When the Qurān was not translated until the modern period in what ways was

When the qurān was not translated until the modern

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expanded Muslim culture in India. When the Qur’ān was not translated until the modern period, in what ways was Islam “translated” for Indians from, at least, the 11th century onwards? The historical roles played by Muslim traditions became clear in the light of an apparent paradox that has been revealed to Prophet Muhammad in the Arabic language. Lamin Sanneh elaborated in one of his studies, what he considers a critical difference between Islam and other religions such as Christianity (Eaton, 3). Christians, he argues were able to translate the Bible from the Hebrew and Greek into different languages, therefore allowing the biblical message to spread across numerous languages and culture within their context that they understood. Muslim on the other hand, was prohibited to Qur'an and could not be translated in other religions, which
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Surname 5 is why the Islamic religion was only conjoined in Arab culture. As Sanneh posit, the religion is placed in the society as a matter of cultural identity. Qur'an was never translated into any of the South Asia native language in pre-colonial period, which is why one may wonder how South Asia came to have a third of its population comprised of a third of the world population (Eaton, 4). Primarily, Muslims prohibited translation of Qur'an because more rituals like the players had to be performed in Arabic, but to dominate Indians with the religion; they ought to be creative, perhaps more so that they would have on other cultures. One way they were able to accomplish this was by adapting to the Arabic script to existing native languages and surprisingly by the end of the tenth century, translation in this form had already happened. After translation had been done to the base language of pre- Islam Iran in Iranian Plateau, the influx of Arabic vocabulary to modern Persian facilitated conversion to other vernacular languages and dialects from the 11 th century onwards.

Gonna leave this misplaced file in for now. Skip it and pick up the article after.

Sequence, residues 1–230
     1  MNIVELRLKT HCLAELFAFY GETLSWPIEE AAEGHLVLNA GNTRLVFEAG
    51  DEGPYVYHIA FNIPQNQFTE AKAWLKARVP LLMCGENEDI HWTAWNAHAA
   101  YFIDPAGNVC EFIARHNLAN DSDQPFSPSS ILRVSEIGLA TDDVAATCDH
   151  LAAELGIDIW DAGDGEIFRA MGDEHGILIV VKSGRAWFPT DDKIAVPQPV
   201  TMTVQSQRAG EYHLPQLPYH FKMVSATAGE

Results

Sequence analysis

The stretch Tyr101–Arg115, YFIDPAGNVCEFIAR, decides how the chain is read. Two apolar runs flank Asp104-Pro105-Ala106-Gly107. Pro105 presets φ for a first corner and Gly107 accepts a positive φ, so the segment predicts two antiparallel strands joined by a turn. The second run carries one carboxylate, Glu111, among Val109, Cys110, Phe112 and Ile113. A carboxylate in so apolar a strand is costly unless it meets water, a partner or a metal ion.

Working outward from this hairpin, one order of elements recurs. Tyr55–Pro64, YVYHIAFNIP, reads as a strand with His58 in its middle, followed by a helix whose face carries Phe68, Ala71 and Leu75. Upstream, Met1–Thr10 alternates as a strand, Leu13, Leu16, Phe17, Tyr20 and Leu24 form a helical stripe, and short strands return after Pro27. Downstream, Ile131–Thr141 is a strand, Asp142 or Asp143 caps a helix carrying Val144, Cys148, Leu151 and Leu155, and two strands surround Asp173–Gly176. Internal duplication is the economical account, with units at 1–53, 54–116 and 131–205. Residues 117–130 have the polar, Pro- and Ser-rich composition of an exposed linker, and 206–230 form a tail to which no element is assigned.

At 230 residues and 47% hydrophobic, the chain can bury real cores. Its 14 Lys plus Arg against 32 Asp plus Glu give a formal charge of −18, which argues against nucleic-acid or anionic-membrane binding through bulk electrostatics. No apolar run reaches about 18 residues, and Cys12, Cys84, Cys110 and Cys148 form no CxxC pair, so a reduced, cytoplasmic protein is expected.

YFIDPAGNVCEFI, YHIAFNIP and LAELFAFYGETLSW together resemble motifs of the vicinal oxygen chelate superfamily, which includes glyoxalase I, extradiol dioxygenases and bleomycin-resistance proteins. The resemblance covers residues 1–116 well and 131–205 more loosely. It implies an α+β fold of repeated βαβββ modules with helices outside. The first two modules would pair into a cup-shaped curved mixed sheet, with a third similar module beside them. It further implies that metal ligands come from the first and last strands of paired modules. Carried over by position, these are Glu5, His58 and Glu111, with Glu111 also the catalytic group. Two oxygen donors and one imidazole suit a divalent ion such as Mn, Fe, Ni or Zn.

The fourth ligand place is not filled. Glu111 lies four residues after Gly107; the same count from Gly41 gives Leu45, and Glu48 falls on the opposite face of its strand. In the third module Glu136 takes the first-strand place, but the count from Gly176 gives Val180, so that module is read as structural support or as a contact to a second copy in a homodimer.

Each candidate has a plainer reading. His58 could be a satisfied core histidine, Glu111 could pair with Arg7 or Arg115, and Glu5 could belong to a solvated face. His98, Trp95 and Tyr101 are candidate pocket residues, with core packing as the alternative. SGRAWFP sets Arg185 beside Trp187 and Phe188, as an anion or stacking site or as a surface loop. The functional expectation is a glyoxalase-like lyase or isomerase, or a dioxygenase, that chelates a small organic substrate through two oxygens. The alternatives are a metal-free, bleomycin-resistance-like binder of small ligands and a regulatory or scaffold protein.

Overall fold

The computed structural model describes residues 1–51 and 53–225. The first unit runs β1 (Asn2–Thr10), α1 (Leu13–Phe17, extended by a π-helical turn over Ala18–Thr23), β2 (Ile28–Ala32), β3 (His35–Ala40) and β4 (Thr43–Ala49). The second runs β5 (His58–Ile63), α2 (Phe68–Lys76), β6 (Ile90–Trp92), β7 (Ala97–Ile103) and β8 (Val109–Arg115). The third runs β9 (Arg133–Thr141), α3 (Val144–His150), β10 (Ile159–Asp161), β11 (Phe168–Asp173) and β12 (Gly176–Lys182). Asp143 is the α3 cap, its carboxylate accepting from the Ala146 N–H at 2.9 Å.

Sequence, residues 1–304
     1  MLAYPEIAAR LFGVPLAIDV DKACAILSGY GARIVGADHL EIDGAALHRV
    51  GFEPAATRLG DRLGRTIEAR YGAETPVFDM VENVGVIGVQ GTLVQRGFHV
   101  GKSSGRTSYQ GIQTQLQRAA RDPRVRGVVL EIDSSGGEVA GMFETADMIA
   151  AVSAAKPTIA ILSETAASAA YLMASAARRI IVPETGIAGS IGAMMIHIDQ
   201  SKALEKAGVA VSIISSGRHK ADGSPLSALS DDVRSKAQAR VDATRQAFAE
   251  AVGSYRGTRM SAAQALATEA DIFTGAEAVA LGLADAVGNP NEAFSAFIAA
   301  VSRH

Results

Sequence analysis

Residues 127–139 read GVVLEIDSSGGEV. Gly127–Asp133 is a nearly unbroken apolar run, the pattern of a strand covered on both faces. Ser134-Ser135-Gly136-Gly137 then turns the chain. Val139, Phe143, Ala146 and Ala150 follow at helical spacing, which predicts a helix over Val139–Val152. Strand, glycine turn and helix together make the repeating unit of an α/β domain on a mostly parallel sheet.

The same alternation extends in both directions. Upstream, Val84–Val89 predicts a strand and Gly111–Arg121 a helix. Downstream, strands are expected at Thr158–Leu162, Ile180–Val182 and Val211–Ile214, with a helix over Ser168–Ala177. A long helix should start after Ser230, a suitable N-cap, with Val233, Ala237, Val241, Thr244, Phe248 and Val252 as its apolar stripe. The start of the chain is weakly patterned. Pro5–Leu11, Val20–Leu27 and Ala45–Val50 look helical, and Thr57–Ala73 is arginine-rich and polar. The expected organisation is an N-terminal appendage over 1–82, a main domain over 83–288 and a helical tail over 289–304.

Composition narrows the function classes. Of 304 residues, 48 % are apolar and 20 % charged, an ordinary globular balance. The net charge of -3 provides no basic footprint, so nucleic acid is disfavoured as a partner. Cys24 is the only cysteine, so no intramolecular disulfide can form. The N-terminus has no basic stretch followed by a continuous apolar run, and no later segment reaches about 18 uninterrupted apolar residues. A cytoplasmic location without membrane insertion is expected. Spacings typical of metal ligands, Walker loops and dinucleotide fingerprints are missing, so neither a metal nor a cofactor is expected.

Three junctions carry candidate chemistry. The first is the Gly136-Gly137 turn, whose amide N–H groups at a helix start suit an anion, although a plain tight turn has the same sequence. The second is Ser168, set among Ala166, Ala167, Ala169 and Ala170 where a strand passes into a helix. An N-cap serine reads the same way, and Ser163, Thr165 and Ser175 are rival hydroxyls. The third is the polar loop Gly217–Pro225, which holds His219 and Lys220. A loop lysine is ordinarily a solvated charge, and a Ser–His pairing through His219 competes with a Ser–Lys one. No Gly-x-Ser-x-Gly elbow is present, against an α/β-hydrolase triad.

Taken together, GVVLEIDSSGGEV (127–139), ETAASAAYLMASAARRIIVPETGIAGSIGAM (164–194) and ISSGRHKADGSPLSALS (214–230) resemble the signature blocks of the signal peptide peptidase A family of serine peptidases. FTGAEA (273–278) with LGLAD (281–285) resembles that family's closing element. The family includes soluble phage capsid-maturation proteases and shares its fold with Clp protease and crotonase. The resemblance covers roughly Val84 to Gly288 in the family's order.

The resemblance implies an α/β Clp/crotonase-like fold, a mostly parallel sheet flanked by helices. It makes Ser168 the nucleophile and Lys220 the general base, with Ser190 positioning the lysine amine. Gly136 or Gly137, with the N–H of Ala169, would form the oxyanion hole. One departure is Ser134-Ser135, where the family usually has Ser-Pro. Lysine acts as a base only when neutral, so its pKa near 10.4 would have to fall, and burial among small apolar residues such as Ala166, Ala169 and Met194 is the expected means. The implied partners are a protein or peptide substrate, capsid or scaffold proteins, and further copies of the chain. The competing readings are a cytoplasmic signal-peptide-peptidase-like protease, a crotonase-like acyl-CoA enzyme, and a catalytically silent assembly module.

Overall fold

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Surname 6 Work Cited Eaton Richard. “Indian Islamic tradition Oxford University Press , 1-34 Gaborieau, Marc. "From Al-Beruni to Jinnah: idiom, ritual and ideology of the Hindu-Muslim confrontation in South Asia." Anthropology Today 1.3 (1985): 7-14 . Metcalf, Barbara D., and Thomas R. Metcalf. A concise history of modern India . Cambridge University Press, 2006.
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